Every weekend and seemingly every spare hour in between, three Salt Lake Community College students canvassed local shopping malls this past holiday season.
While shoppers searched for gifts, Kim McCrady, Staci Medina and Kelly Gardner sought answers to the question whether Salt Lake County residents would support a referendum to fluoridate the county's tap water.The dental hygiene students surveyed 1,000 people to gauge attitudes about fluoridation and to determine how many people would need more information before casting a vote.
Although they launched the school project some three months before it was due, the students weren't prepared for the emotional outpouring they would encounter as they conducted interviews.
"One old man practically pinned me to a bench. He talked to me for what must have been 20 minutes," Medina said. "He was all into `this is a communist plot. The government shouldn't tell you what to do.' "
Others, particularly those who had moved to Utah from other states that have added fluoride to their water systems for decades, "were appalled we didn't have it. We found people who have had it in their water are so pro-fluoride."
The survey showed that 56 percent said they would support the issue if it was put to a vote, and 18 percent said they would vote no. Twenty-six percent were undecided.
Among people who said they would vote "no," 34 percent said they had health concerns about adding fluoride to the communal drinking water systems. Seven percent cited cost concerns, but 59 percent said they needed more information.
After years of scientific research, the public health benefit of fluoridated water is well documented, McCrady said. Yet, many people believe fluorine - a naturally occurring element - causes cancer or is poisonous.
"We found a lot of people are misinformed," she said.
Upon completing the survey, which was cross-tabulated by ZIP codes, the students approached dentists in areas where a particularly high number of respondents indicated they needed more information about the issue. They also mailed pamphlets to areas of the county that expressed concerns about cost and health risks.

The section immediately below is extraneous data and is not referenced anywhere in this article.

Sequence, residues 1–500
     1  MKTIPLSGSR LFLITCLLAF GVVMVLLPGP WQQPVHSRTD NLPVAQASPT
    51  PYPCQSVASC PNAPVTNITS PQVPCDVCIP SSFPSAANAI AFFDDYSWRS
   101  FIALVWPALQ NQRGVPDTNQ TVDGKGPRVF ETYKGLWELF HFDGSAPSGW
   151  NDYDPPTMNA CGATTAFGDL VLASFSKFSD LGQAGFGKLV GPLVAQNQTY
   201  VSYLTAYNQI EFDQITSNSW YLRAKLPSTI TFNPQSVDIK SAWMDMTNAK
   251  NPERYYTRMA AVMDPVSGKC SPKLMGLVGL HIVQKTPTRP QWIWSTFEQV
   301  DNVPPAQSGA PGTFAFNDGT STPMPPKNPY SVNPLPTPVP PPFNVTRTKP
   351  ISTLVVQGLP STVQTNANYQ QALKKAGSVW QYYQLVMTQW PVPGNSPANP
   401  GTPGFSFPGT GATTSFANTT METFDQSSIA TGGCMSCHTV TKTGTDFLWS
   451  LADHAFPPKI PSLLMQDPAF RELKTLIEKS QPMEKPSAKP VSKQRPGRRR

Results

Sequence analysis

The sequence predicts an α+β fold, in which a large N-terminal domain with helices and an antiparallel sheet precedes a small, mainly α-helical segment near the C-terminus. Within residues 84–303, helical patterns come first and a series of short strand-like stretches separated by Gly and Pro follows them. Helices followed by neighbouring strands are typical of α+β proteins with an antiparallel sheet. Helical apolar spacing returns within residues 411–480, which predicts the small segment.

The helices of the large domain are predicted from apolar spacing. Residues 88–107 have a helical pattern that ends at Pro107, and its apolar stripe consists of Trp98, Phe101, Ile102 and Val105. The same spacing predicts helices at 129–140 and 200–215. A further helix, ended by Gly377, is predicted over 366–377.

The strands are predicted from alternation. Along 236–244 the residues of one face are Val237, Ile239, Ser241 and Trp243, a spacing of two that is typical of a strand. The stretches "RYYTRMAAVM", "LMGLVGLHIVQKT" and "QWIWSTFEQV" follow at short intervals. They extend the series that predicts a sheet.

McCrady, who has worked 10 years as a dental assistant before enrolling in SLCC's inaugural dental hygiene program, said she frequently encounters patients who have a mouth full of cavities - many of which could have been averted by using fluoride.
"You can tell people who were born and raised here. They have silver from here to here," McCrady said, tracing a line from cheek to cheek. "Once you start filling teeth, you keep going. Nothing's better than the natural tooth."
Gardner said the group's passion to conduct the survey was stirred each time they worked in a clinical setting as part of their dental hygiene training. "It really hit us when we saw elementary school kids and their teeth were totally bombed out."
The students' work was honored recently by the Utah Dental Association, where their booth was judged best student clinic statewide.
McCrady was recently nominated for the national Howard R. Swearer Student Humanitarian Award for her work on the project. Five winners will be selected, and each will receive $1,500 each.
"If we do win, we'd like to use the money toward brochures and bulk mailing, letting people know who use public health centers that adding fluoride to the water can reduce their own and their kids' dental decay," McCrady said.
While they admit they are passionate about dental health, none of the three young women views herself as a politico. When voters go to the polls to address the issue, they want them to make an informed decision.
"There's been lots of scare tactics used in the past in keeping some older Salt Lake residents from wanting to add fluoride to the water. And now some young parents don't even know what fluoride is," McCrady said.
"We're out to educate people of the benefits and have them make an educated vote. It's the most cost-effective and efficient way to help everyone, especially those children who are underprivileged and their families can't afford other alternatives. We can't cure what has already happened with adding the fluoridated water, but we can see big differences in the next five or 10 years," she added.
To complete a class assignment, three SLCC dental hygiene students surveyed 1,000 people in area shopping malls. Here's what their survey showed.
"If the issue of communal water fluoridation was voted on today , how would you vote?"
Survey conducted October-December 1997 by Salt Lake Community College dental hygiene students Kim McCrady, Staci Medina and Kelly Gardner.